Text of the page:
Contagion boosts rise of ‘influencers’ in consumer marketing


Whether by a mere accident or a providential act, the pandemic has opened new paradigms and approaches in doing business in the so-called new normal.

Blogapalooza Inc. chief executive officer Hazel Bernadette Gapuz told the BusinessMirror in an online interview that the pandemic made marketers realize and be aware that, influencers are the new way to reach their consumers more effectively.

The Ateneo de Manila and University of the Philippines alumna recalled the days when it was so difficult for them to engage with their communities because there were quite few who understood the creator economy and the impact that influencers could have on business bottom lines.

“I think it was only during the pandemic that everyone started to realize the power that influencers hold,” Gapuz, fondly called Ace by her colleagues and friends, explained.

Surprisingly, Blogapalooza’s staff more than doubled in number, and their clientele also grew exponentially. To cope with the increased workload Gapuz and her team introduced improvements in their internal systems to accommodate the demand for influencer marketing executions from many different brands and partner agencies. Blogapalooza Inc. is the country’s leading influencer marketing company, with more than 10,000  community members to date.

Potential of the influence economy

The influence economy is happening now and businesses and organizations engage with influencers and personalities to move their agenda forward, whether it be as simple as getting a marketing message across for awareness, establishing desirability of a product, persuading people to buy, or sometimes grander things like organizing huge hyper-local movements or even winning national elections.

Gapuz said people nowadays are starting to realize the impact that influencers can do for any agenda that they wish to push forward. “We’ve moved to an economy that values social capital more than marketing capital and where power has shifted from authorities to communities,” Gapuz said.

“I believe we’re already in the era of the creator economy. I’d consider this an industrial revolution and a historical event, as we are yet to witness another massive transformation as creatorship continues to thrive and flourish,” Gapuz added.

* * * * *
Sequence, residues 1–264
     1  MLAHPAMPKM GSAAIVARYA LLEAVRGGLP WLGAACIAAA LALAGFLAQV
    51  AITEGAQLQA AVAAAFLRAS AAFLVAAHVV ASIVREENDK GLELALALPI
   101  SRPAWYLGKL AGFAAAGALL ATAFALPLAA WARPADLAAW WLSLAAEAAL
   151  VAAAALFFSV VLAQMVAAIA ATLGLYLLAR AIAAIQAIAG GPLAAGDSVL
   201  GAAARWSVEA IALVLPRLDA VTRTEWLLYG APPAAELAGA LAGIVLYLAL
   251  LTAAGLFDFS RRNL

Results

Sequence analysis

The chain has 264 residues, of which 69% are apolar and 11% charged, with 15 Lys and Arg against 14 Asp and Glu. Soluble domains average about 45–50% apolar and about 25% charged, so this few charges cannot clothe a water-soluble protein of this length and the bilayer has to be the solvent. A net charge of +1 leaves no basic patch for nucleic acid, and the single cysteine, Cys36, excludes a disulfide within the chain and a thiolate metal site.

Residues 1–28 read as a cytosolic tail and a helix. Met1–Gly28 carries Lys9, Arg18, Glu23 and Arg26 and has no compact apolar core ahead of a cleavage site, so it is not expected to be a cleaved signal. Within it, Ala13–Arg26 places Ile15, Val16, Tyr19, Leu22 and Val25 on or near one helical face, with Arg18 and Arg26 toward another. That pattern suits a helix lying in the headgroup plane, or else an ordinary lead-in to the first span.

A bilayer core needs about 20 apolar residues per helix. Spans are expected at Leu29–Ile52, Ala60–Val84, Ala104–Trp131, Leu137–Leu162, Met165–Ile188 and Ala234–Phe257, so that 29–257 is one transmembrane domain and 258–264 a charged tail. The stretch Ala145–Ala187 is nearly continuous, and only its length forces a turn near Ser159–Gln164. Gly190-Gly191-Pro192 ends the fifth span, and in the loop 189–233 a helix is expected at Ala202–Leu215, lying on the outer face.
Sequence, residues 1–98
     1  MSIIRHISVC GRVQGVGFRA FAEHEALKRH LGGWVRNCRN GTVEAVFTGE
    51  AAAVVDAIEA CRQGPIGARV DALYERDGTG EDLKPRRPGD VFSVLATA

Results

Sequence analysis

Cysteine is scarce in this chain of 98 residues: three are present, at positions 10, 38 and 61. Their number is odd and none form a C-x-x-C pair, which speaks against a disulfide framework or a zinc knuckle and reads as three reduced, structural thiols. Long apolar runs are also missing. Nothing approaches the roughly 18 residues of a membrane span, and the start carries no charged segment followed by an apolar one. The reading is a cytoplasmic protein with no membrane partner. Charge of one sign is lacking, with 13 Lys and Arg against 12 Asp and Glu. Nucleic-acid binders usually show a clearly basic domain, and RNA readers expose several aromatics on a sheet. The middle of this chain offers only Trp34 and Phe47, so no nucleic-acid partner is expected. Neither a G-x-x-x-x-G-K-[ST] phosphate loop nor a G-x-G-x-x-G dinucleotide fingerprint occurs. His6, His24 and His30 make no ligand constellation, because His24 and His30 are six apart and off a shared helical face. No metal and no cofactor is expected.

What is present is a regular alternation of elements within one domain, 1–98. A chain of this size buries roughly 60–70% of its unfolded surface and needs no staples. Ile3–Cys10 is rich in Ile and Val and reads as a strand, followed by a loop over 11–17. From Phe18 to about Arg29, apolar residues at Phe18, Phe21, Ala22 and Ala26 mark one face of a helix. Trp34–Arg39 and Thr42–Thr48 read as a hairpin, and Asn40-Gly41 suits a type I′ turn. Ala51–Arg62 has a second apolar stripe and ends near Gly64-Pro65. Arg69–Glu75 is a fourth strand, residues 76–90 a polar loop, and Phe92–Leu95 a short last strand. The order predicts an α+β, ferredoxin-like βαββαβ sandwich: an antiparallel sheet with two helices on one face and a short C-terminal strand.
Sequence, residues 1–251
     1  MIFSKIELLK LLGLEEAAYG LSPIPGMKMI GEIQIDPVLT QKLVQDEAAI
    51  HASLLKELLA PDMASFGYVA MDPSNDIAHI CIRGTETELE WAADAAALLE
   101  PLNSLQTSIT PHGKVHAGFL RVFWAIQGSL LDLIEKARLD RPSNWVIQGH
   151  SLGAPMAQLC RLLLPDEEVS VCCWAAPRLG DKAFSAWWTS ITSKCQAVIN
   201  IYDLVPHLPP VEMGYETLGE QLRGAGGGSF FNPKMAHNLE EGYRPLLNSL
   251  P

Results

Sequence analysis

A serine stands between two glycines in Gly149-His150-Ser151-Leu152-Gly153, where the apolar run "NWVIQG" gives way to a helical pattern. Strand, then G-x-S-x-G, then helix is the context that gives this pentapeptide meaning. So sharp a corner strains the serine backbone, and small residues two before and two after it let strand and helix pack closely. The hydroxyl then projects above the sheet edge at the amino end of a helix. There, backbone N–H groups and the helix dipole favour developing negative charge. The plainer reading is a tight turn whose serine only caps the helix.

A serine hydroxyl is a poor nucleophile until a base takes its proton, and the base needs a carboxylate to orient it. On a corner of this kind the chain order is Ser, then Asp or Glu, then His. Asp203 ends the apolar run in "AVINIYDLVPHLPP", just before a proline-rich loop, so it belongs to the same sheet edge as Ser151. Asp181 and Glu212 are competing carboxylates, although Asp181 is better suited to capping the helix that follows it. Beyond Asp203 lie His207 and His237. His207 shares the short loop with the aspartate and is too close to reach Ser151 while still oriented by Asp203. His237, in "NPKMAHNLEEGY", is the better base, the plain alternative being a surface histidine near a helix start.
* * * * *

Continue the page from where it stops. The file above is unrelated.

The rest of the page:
She thinks the advertising industry would also agree that most influencers actually hold “truth in advertising” in high regard, as influencers would want to have a say in the way that their content is produced and published whenever they would work with brands.

To have a good working relationship with influencers, Gapuz said they should be provided with important information about the campaign, including the goals, the personality of the brand, key messages, mandatories and pegs, and other valuable information to help them come up with content that would align with the campaign and work with their audience as well.

Although the word “authenticity” is being used so loosely every time the topic of influencers is discussed, Gapuz believes the adage “truth in advertising” is an unspoken rule practiced by most influencers by being authentic in the way they talk about themselves and the brands that they work with.

The early years

AT 22, Gapuz became an entrepreneur when she bought a small siomai food cart franchise with her small savings from her corporate job.

Being a fledgling entrepreneur, Gapuz dabbled into so many things to find out what would work for her. Later, she found out that things became too difficult for her to handle as she was also taking her masters in business administration and managing a restaurant, which ran for two years until it was forced to close down because of the food park trend.

She believes a lot of entrepreneurs also experienced similar challenges when they’re starting. For Gapuz, trying to minimize expenses as much as possible was the top agenda. Gapuz was also a multitasker referring herself to as the CEO, or the “chief everything officer,” because she would really do everything herself first from meetings with clients, pitch presentations, writing checks for suppliers, lining up to collect check payments and queuing them up in the bank right after, maintaining all hard copy and soft copy records, compliances. “I was literally all over the place. I loved the energy, the dynamism of the work that I do, the learnings that I got to pick up along the way.”

Patience pays off

Being in the business for the past decades, Gapuz has been able to develop harmonious and closer ties with content creators and influencers from various regions in the country. She adds the regional influences and content creators that they have played vital role as they have brought growth and value to Blogapalooza.

Gapuz shared she waited for 10 years before Blogapalooza experienced tremendous growth like the one that happened during the pandemic. She is looking forward to seeing the influencer marketing industry grow bigger moving forward. “I cannot express my happiness and satisfaction that finally, the seeds that we have planted from a decade ago have gone so deep in their roots and we are starting to harvest the fruits of our labor.”

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